We become a combination of the story we tell ourselves and the story that others are telling about us.
In both cases, it's up to each one of us, and our own communities we build to show other people who tell our stories how to share them in a way that as inspiring as the best version of the story that we tell ourselves.
You worked a bit on telling yourself your story in the previous sections. Now it's time to see how and why you might feel that other people tell your story differently and what you might be able to do about it.
Part of this challenge is about accepting your story.
In this short film brought by The Nantucket Project & Harbor Studios, we see and feel that it’s not our habit to accept. We prefer to resist… until life’s inevitable setbacks catch up with us.
This film was created by bestselling author Kelly Corrigan and directed by award-winning journalist Mick Davies. We get tohear the stories of real people struggling to embrace what Corrigan calls the Mount Everest of human emotions: acceptance.
ASSIGNMENT: While you are watching this, think of the skills that you would need to behave in the way that people in this film have behaved. Are you missing any skills that you might be seeing on screen? What are they? How might you obtain them? Would they be useful for your answers on the Loneliness quiz?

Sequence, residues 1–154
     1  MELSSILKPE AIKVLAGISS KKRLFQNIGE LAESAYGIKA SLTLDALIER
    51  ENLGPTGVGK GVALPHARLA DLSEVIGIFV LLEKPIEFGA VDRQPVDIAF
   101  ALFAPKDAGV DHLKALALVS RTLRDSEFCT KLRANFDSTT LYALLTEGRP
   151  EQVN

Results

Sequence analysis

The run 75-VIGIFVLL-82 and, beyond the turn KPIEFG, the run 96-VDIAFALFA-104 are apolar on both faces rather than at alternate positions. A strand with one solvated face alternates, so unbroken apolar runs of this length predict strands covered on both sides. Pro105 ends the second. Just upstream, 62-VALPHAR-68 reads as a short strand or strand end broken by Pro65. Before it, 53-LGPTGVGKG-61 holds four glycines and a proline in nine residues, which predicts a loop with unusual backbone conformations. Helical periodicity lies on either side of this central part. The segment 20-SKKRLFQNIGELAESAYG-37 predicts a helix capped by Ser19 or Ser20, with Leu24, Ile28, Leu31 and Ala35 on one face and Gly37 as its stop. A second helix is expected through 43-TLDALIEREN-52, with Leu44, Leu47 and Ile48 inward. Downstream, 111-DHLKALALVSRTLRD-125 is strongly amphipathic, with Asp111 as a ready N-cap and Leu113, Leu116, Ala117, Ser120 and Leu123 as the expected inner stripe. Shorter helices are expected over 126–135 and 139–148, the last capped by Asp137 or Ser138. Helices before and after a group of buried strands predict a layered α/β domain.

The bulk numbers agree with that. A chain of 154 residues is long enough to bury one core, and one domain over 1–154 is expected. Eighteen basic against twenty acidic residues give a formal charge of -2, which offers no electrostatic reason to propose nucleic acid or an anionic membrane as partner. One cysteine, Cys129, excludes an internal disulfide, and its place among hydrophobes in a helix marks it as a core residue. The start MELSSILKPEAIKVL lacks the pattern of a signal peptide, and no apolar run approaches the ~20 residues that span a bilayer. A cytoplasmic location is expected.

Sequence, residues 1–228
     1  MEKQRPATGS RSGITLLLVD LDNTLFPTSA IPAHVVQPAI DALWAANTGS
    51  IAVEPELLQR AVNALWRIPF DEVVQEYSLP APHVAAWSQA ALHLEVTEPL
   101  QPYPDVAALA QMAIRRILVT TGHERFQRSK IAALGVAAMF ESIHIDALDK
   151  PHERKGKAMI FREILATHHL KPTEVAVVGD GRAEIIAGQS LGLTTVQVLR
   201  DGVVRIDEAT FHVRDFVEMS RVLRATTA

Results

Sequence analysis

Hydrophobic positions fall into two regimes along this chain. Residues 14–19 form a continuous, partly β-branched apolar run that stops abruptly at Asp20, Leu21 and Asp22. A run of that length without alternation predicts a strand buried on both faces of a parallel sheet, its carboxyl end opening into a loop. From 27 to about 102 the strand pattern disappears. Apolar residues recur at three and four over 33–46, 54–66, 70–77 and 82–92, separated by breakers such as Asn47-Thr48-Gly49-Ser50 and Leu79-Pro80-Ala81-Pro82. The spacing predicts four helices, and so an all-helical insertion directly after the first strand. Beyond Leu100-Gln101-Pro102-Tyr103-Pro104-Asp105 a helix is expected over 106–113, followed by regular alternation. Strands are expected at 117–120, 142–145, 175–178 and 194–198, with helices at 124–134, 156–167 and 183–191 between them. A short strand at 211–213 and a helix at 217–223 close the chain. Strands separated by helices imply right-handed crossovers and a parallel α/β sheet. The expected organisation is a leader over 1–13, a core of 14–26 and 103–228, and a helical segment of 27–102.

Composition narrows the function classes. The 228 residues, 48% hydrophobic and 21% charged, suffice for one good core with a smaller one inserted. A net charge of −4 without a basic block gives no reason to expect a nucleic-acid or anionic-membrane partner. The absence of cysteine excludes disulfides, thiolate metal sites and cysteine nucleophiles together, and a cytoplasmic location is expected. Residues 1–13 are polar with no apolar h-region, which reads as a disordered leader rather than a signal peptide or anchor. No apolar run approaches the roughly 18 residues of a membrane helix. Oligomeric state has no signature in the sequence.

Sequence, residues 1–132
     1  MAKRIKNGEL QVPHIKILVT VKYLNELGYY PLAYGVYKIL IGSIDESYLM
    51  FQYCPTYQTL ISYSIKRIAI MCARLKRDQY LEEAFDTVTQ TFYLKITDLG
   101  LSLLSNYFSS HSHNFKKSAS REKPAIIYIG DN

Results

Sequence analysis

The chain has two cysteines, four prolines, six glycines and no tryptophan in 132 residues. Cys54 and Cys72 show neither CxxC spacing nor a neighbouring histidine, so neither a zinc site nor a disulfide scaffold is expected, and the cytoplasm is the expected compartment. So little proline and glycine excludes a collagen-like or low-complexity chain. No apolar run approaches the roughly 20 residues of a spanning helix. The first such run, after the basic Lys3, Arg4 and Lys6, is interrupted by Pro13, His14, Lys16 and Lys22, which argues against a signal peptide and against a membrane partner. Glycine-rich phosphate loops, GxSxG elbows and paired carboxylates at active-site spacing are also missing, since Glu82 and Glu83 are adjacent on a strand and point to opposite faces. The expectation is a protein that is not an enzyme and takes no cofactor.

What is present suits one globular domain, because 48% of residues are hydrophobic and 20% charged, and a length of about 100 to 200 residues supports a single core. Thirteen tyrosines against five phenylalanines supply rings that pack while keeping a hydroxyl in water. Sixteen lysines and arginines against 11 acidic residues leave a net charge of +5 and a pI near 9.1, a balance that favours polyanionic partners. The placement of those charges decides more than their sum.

Accepting that your lonely and admitting it to just one other person could unlock to the door to a new future.
Jennifer Page, Author of 52 Ways to Stop Feeling Lonely opens her book with the "aha" moment that she is not alone in her feelings of loneliness. She writes,
""It happened when suddenly, on impulse, I confessed to a friend in an email how lonely i felt and then she emailed back and said, "I feel that too!"" . . . much to here surprise, the person to whom she was writing was one of the last people on earth who she thought would feel lonely.
Sharing can be transformative. Just believe that is a giant step in and of itself.